Labor fails community on bail laws
MISGUIDED social engineering by the State Labor Government has dramatically worsened Townsville’s youth crime crisis, says Hinchinbrook MP Nick Dametto.
The Katter’s Australian Party MP said he stood with the police officers and lawyers mentioned in a recent media article who were adamant the government’s new youth justice bail laws had made it more difficult to keep a young offender in custody by adding an additional layer of special consideration, particularly if the child is under 14 years.
“This State Labor Government has been brainwashed by do-gooders who want to believe that children don’t actually mean it if they steal, threaten or harm innocent people. This is utter nonsense. They know what they are doing.” he said.
“The 11-year-old boy who allegedly brandished a knife while trying to a rob a fish and chip shop had already been granted bail 10 times before this alleged incident. Generally speaking, how many chances should any young offender under the age of 14 get before the government realises they are a risk to the community?”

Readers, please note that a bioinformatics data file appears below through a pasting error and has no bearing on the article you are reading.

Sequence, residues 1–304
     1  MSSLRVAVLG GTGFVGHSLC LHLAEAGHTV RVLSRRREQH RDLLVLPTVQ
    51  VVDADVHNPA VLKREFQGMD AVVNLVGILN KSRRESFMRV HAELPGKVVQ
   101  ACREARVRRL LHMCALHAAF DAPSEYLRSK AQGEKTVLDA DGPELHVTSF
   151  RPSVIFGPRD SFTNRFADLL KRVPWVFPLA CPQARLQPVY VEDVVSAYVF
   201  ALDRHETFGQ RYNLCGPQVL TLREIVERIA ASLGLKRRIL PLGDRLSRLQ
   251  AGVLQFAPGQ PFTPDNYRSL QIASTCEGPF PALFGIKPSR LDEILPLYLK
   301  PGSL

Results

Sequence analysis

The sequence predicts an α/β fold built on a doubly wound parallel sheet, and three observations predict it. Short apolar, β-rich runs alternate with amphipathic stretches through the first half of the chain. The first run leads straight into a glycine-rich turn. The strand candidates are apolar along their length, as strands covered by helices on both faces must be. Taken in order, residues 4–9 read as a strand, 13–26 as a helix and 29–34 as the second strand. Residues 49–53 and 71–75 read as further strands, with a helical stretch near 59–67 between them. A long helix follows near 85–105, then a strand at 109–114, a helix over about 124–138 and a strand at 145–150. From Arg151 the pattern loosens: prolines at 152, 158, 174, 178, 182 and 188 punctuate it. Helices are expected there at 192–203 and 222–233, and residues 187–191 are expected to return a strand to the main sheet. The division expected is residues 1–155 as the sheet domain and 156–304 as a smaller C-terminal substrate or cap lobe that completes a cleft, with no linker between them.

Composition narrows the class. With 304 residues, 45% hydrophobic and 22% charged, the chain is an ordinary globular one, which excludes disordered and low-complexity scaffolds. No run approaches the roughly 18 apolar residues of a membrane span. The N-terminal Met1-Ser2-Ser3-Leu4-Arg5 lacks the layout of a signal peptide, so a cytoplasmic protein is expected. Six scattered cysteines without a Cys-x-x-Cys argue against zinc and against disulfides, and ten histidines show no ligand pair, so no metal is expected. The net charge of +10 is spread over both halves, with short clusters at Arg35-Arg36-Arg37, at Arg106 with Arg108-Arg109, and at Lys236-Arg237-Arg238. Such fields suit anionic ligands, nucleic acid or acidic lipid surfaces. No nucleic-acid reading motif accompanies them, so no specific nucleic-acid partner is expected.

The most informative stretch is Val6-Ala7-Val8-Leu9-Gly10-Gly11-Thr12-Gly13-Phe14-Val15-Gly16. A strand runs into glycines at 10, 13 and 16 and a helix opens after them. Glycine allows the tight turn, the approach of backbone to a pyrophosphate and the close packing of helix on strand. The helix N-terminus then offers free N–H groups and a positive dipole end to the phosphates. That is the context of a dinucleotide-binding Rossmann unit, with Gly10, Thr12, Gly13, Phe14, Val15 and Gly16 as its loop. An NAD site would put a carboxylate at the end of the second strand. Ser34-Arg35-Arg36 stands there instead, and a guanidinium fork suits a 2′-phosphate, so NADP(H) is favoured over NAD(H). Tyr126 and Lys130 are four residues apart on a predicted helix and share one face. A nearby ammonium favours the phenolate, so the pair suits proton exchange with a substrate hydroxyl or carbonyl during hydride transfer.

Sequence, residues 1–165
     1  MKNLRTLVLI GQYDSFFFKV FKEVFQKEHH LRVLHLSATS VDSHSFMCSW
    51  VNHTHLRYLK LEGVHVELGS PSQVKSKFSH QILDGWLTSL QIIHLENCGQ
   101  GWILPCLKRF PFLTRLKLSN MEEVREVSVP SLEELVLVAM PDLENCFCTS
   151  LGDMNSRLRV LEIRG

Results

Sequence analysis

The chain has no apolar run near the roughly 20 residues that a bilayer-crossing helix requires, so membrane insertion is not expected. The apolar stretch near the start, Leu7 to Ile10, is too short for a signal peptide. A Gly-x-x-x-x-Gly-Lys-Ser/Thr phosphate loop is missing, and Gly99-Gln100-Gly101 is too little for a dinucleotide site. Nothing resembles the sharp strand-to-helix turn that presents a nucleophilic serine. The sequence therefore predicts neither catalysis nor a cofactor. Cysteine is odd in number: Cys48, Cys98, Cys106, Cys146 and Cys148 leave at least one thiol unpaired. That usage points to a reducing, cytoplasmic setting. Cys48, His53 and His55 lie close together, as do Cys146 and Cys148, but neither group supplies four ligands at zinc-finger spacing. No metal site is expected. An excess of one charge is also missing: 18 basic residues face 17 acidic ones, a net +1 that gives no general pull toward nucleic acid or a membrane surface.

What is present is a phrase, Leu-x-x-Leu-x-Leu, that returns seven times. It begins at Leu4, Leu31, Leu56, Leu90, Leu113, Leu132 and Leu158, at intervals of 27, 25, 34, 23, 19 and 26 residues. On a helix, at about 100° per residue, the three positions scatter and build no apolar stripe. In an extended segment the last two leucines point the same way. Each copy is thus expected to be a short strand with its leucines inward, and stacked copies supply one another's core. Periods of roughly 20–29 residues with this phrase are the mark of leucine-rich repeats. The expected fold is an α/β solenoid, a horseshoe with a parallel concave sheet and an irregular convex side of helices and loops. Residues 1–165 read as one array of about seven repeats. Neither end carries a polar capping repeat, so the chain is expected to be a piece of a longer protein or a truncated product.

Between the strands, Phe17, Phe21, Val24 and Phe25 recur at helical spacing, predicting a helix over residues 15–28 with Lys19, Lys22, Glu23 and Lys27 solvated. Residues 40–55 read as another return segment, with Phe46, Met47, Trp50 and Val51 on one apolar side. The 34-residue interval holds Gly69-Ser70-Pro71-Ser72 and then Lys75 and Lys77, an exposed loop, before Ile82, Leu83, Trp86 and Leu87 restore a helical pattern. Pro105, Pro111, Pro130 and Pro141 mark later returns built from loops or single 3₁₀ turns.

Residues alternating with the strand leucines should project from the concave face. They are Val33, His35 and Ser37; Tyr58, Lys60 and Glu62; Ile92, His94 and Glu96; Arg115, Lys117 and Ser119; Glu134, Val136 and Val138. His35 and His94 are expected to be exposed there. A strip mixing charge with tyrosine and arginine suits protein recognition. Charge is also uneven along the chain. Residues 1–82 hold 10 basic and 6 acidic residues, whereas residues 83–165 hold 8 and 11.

Mr Dametto said Katter’s Australian Party’s relocation sentencing policy would be the “short circuit” required to get young offenders “back on track”.
“At the crux of our policy is getting young offenders away from the bad influences that contributed to their criminal behaviour in the first place by sending them to a remote property west of Mt Isa were they will get back to country, learn life skills on the land and at the same time, reform,” he said.
“It’s about reprogramming these young offenders so when they come back, they can reintegrate into society and become productive members.”
Mr Dametto is sponsoring a parliamentary e-petition by Take Back Townsville co-ordinator Julianne Wood calling for the government to make significant legislative changes to introduce tougher penalties for offenders, including juveniles, so that law-abiding citizens can live in peace.
Since being launched on December 17 last year, the e-petition has already amassed more than 7000 signatures.
To view the petition, click here.